5
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I've just completed this binary search kata - which has some weird requirements - and I spent a little while "cleaning" up my code and making it more compact. I would appreciate some feedback on the readability of the BinarySearch class. I've packed a lot of logic into some of the lines and I'd like to know if that makes it more or less readable.

A Ruby Kata for Binary Search of Arrays:

Binary Search Kata
   Create a binary search class that is initialized with an array of integers
      - detail: Do not use built in array functions
      - detail: The initial array is [1,3]
      - detail: return the index of the search value if found
      - example: searching for 3 returns 1

completed (Y|n):

   Successfully deal with values that are not in the data set
      - example: searching for 5 indicates to the caller the value is not found

completed (Y|n):

   Binary Search handles an odd number of elements in the data set
      - detail: Allows the data set to be redefined with [1,3,5,7,9]
      - example: Searching for 5 returns 2
      - example: Searching for 7 returns 3

completed (Y|n):

   Handles more than trivial sized data set
      - detail: consider a data set of the first 10000 integers
      - example: Searching for 899 returns 898

completed (Y|n):

   Supports duplicate elements in the data set
      - detail: Use [1,3,5,5,7,9] as the data set
      - example: Searching for 3 returns 1
      - example: Searching for 5 returns 2

completed (Y|n):

   Handles expired call for duplicate elements
      - detail: Use [1,3,5,5,7,9] as the data set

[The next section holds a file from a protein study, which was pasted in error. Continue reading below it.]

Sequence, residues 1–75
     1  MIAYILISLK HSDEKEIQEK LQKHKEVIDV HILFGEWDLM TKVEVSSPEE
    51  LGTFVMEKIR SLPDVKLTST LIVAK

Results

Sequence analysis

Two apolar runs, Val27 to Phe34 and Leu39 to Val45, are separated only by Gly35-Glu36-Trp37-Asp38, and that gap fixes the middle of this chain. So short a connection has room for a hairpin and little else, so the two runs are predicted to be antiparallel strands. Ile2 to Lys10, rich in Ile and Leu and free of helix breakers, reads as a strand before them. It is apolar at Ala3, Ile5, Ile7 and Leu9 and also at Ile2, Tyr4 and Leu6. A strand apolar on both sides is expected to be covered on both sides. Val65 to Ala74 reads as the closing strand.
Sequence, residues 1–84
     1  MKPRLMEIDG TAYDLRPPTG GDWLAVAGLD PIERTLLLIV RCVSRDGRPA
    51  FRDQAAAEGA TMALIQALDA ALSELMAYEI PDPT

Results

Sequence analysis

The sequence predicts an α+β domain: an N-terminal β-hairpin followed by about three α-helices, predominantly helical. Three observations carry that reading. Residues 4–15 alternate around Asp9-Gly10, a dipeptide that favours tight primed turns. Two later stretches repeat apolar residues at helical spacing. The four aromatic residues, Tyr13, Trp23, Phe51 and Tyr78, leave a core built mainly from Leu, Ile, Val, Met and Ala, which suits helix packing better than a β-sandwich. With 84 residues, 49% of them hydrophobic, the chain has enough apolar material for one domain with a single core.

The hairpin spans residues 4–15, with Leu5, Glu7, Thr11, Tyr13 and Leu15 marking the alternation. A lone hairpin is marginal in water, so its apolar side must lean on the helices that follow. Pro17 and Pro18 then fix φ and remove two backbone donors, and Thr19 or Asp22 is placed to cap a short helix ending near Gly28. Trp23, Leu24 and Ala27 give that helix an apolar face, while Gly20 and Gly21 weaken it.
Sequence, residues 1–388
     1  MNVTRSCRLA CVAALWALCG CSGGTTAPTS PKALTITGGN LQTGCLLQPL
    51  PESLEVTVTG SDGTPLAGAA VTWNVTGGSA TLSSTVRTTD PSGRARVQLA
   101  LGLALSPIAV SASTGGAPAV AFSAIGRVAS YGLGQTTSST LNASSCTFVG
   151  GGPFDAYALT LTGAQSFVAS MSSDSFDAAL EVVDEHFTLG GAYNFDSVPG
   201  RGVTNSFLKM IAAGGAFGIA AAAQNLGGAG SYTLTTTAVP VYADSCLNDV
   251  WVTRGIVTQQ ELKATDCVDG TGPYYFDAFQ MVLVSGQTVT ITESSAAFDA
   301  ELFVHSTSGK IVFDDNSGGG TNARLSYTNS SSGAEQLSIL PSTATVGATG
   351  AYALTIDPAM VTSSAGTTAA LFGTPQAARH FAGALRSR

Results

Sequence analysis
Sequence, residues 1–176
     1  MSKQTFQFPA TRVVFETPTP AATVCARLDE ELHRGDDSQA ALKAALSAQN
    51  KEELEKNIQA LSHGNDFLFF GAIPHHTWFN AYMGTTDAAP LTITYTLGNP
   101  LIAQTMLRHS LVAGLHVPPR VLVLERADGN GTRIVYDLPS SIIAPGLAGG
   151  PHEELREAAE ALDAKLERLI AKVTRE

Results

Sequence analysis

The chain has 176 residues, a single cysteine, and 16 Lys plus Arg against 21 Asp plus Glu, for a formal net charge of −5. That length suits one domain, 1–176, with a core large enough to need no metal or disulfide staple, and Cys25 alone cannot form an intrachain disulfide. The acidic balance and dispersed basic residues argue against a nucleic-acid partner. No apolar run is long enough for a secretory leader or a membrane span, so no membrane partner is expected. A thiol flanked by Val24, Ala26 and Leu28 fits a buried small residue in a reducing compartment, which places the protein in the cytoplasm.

- example: Third call to search for 5 is handled like missing element

completed (Y|n):

   Supports sorted array of strings
      - detail: Use ["a", "b", "c", "d"] as the data set
      - example: Searching for "c" returns 2

completed (Y|n):

   Supports duplicate strings
      - detail: Use ["a", "b", "c", "c", "d"] as the data set
      - example: First search for "c" returns 2
      - example: Second search for "c" returns 3

completed (Y|n):

   Handles expired call for duplicate string elements
      - detail: Use ["a", "b", "c", "c", "d"] as the data set
      - example: Third call to search for "c" is handled like missing element

completed (Y|n):

┏━━━━━━━━━━━━━━━━━━━━━━━━━━━━━━━━━━━━━━━━━━━━━━━━━━━━━━━━━━━━━━━━━━━━━━━━━━━━━━━━━━┳━━━━━━━━━━┓
┃ Requirement                                                                      ┃ Time     ┃
┣━━━━━━━━━━━━━━━━━━━━━━━━━━━━━━━━━━━━━━━━━━━━━━━━━━━━━━━━━━━━━━━━━━━━━━━━━━━━━━━━━━╊━━━━━━━━━━┫
┃ Create a binary search class that is initialized with an array of integers       ┃ 00:04:02 ┃
┣━━━━━━━━━━━━━━━━━━━━━━━━━━━━━━━━━━━━━━━━━━━━━━━━━━━━━━━━━━━━━━━━━━━━━━━━━━━━━━━━━━╊━━━━━━━━━━┫